Review by

I KNOW not to judge a book by it's cover, but if this book is half as clever as it's cover, I'll be happy! Another haunted store novel to go along with [The Overnight] by Ramsey Campbell.6-2-14 Wow - got this one in the mail on Saturday, and finished it Monday evening. I hope Quirk promotes the heck out of this one - I'd describe it as Chuck meets Office Space with a dose of Session 9 and the movie Prison. You cannot go wrong with a clever variation on the "let's build something over the old burial ground where terrible things happened - what could possibly go wrong?"Also, the author make an effort to show why the characters a) have to been in this terrible place and b) why they can't just leave.

Review by

The Cuyahoga, Ohio branch of Orsk, a giant imitation-IKEA furniture store, is having some weird problems with vandalism and other strange and disturbing things happening at night. So a handful of employees spend the night in the store, hoping to catch whatever-it-is in the process of happening. For what they end up facing, though, they're <I>really</I> not being paid enough.It's an interesting and nicely original setting for a horror story, and the ads for various bits of furniture with funny-sounding names that appear at the head of each chapter make for a fun, clever touch. And the horror elements, while hardly groundbreaking, are decently done. The writing and the characters are nothing special, though, and none of it moved me too deeply with fear or laughter or anything else. So, basically, it's a fast, reasonably entertaining read, but not especially memorable. The experience of reading it was almost exactly like that of watching a decent-but-not-exceptional horror movie. It's not going to enrich your life any, but there are worse ways to kill a couple of hours.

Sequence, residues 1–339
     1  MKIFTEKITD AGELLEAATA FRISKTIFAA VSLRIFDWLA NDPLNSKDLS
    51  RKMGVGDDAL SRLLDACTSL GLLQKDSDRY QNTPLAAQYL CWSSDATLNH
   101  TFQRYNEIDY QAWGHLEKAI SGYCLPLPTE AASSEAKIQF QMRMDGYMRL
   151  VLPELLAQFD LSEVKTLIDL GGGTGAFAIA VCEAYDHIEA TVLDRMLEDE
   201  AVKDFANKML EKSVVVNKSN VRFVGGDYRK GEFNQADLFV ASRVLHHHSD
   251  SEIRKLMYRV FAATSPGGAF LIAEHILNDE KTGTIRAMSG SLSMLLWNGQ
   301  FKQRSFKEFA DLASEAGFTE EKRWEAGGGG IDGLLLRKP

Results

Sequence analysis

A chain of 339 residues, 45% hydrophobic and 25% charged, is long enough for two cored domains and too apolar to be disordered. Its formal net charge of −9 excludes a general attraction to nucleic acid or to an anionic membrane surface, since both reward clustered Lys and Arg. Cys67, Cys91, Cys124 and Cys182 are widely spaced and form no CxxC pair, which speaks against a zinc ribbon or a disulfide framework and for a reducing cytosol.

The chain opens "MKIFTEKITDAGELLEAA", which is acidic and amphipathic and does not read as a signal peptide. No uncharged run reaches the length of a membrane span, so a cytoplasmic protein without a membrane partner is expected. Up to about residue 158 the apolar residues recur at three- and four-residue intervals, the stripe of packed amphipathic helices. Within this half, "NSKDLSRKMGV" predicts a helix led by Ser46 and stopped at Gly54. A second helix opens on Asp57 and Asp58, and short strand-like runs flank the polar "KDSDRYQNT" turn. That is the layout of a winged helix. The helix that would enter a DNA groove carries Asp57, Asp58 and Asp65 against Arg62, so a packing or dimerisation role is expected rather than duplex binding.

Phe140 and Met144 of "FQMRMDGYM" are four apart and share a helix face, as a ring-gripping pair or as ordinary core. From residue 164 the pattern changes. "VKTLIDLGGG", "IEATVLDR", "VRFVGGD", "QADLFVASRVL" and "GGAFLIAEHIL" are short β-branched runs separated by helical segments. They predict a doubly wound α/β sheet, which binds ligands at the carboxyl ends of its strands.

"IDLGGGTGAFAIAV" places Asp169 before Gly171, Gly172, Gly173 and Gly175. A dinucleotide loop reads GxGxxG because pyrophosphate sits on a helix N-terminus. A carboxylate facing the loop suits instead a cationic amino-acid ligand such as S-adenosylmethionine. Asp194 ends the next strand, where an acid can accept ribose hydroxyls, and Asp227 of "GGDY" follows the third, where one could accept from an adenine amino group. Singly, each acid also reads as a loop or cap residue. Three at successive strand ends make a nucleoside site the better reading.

Review by

First off this book engaged me right from the moment I saw it. It is the size and shape of an Ikea catalog and it's cover does an amazing job of mimicking an Ikea catalog. It was so convincing at first I found myself wondering why someone shipped me an Ikea catalog. Until I took a closer look. This wasn't a particularly scary story, though I'm not sure how scary it was really meant to be, but it did have lots of nice creepy and atmospheric moments, I would hate to be in one of these stores after closing now. And like all good horror stories you have your cast of stereotypical characters who do stereotypically stupid things that are needed to pull the plot forward, and most of them weren't particularly likeable but I still got caught up in their stories and cared about their outcome even if they did make me roll my eyes once in a while.I had a lot of fun reading this book, and while some of it seemed cliched it still had a lot of surprises for me, I had a hard time putting it down at times. In fact the only reason it took me two days to read it was due to real life obligations getting in the way. It was worth loosing some sleep over. The best way I can think of to sum this book up quickly is to compare it to an 80's horror movie, with all the cliches, some humor, some seriously creepy stuff and some gore and a good solid ghost story at it's core. It's a bit cheesy and it was a lot of fun.